In the parable of the rich fool (Luke 12:13-21) a man from the crowd approaches Jesus and says to him: “Teacher, bid my brother divide the inheritance with me” (Luke 12:13). After Jesus refuses to head this man’s request, he then proceeds to tell the crowd a parable about a man who had acquired a great deal of wealth and who decides that to store the surplus of his crops, he will tear down his barns to build larger ones. Once the larger barns are built and his crops are safely stored, the rich fool says to himself “you have ample goods laid up for many years; take your ease, eat, drink, be merry” (Lk 12:19). The world, it appears, seems to be enough for this man and now he can sit back, relax, and enjoy life. However, this man’s peace is short-lived, because as Jesus recounts in the parable, that night he will die. Jesus concludes the parable with a striking condemnation for those who not only believe but seek to find their peace in this world alone: “the things you have prepared, whose will they be? So is he who lays up treasure for himself and is not rich toward God” (Lk 12:20-21).
Are the things of this world important? Yes, they are, and Jesus never refutes that. However, they are not as important as eternity. To live only for this world or to hope that this world will be enough, is to set oneself up for frustration and disappointment. Jesus is not denying or being insensitive to this man’s earthly and material needs. However, he does not want him or us to simply remain here on this earth with only our earthly needs and desires. St. Paul, in writing to the Colossians says “Seek the things that are above, where Christ is, seated at the right hand of God. Set your minds on things that are above, not on things that are on earth” (Colossians 3:1-2). It is only by looking beyond this world that we can live this life correctly which, according to Jesus, means being rich in the things of God.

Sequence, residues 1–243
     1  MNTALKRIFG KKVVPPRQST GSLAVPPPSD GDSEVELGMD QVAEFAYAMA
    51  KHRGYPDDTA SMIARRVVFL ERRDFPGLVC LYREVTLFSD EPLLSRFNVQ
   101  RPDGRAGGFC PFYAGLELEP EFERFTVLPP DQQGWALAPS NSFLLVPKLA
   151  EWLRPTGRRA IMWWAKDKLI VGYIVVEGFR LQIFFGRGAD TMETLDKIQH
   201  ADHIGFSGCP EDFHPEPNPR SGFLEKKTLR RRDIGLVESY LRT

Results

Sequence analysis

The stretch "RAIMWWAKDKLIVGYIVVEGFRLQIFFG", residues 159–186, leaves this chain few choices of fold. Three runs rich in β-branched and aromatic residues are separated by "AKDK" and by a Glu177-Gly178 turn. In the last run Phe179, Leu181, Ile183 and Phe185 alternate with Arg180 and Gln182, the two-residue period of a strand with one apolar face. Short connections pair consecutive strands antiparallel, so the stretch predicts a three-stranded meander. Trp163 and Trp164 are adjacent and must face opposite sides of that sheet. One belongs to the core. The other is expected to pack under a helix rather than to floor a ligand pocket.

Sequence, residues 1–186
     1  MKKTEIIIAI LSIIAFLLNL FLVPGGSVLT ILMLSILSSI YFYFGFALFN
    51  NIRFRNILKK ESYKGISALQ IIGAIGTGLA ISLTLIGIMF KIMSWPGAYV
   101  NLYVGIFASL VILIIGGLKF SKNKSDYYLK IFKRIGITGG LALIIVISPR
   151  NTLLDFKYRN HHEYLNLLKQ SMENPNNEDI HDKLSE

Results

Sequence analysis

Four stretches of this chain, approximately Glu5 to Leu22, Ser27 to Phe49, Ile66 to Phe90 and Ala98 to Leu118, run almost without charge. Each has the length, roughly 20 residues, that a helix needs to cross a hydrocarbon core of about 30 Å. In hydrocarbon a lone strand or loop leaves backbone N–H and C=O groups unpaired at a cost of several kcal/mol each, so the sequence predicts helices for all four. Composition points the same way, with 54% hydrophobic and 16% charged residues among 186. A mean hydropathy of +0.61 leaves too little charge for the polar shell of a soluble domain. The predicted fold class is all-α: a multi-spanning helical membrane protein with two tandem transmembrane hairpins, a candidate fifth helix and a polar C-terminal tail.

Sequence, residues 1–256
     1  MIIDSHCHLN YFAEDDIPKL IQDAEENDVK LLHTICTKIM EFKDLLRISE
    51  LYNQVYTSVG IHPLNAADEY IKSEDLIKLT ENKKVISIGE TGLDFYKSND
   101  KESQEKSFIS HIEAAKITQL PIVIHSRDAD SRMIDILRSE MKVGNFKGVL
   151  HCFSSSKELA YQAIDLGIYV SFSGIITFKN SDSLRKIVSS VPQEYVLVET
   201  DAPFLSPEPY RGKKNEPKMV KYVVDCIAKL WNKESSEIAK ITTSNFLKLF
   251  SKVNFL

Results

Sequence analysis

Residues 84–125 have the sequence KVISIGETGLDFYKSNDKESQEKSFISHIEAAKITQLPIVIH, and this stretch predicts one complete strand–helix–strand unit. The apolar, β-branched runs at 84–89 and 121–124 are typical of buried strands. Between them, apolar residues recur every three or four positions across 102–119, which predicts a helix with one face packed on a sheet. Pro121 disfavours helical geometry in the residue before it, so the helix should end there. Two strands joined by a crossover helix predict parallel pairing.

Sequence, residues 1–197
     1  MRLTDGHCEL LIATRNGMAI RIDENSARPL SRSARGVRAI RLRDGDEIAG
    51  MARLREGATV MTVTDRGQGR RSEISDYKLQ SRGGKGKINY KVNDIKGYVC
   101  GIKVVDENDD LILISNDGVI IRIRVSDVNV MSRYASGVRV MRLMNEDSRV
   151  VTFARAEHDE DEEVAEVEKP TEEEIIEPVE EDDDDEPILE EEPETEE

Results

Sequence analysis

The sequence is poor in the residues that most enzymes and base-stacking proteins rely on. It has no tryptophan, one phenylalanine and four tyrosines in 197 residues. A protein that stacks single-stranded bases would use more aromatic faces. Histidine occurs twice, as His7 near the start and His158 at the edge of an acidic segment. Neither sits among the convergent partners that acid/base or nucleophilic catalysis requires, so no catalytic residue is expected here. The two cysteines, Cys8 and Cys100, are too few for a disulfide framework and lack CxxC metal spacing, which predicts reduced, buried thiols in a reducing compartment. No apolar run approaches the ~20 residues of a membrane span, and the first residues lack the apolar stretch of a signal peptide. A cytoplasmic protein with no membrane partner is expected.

How then practically do we live like this? First, we cannot ignore this world. As mentioned in the beginning, this world is truly a marvelous place. However, this world is not all there is. All the beauty and immensity of this world is meant to point to the immensity and beauty of God. The Psalmist understands this very well when he writes “When I look at your heavens, the work of your fingers, the moon and stars which you have established; what is man that you are mindful of him” (Psalm 8:3-4)? To ignore this world then would be to ignore God. Second, we cannot ignore our life. All of us have material, psychical, and earthly needs that are simply a part of life in this world. However, we must not think that the purpose in life, or that our peace comes from the fulfillment of those needs. Rather, all these human needs, just like creation itself, are meant to be a sign pointing us both beyond this world and even our own life. Whether it be in the beauty of creation or in the mystery of our own life, we can never stop and say, “This is it, this is what I’ve been looking for, this is what will fulfill me.” Whatever “this” is can’t be it, for the simple reason is that it is too small.
There is nothing in this world then that can be pursued as an end. This includes our relationships, jobs, vocations, talents, friendships, and even our own life. So many of our frustrations and problems occur in life when we seek our fulfillment or end in the things of this world. I have witnessed so many friendships, marriages, and even vocations ending in heartache, anger, and deep emotional and psychological hurt, simply because either one person or several were hoping the other person would be someone they were not. In contrast to this, so much joy occurs and is available to us when we allow ourselves to be taken beyond this world to God, the true end for which we were created. A truly holy person witnesses to this joy in the depths of their being, because they are not attached or grasping at anything in this world. Rather, they are attached to and desire only God.
St. Basil writes, “What, I ask, is more wonderful than the beauty of God? What is more pleasing and satisfying than God’s mercy…The radiance of the divine beauty is altogether beyond the power of words to describe.” The answer of course is nothing, nothing is more beautiful and satisfying than God. May we truly live then in this world as pilgrims and follow both this world and our own life, in all its immensity and beauty, to the One who is even greater, to the One whose beauty and greatness knows no limits.